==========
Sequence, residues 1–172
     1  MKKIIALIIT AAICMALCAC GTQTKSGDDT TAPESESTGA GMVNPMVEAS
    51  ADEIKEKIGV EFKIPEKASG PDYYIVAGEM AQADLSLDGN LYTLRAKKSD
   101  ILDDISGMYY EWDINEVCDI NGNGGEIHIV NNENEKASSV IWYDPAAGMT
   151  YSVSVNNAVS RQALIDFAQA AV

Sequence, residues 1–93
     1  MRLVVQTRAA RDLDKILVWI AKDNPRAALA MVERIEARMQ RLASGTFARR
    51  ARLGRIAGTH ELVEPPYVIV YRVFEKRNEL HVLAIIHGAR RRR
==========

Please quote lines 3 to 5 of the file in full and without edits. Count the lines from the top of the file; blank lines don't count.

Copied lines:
    51  ADEIKEKIGV EFKIPEKASG PDYYIVAGEM AQADLSLDGN LYTLRAKKSD
   101  ILDDISGMYY EWDINEVCDI NGNGGEIHIV NNENEKASSV IWYDPAAGMT
   151  YSVSVNNAVS RQALIDFAQA AV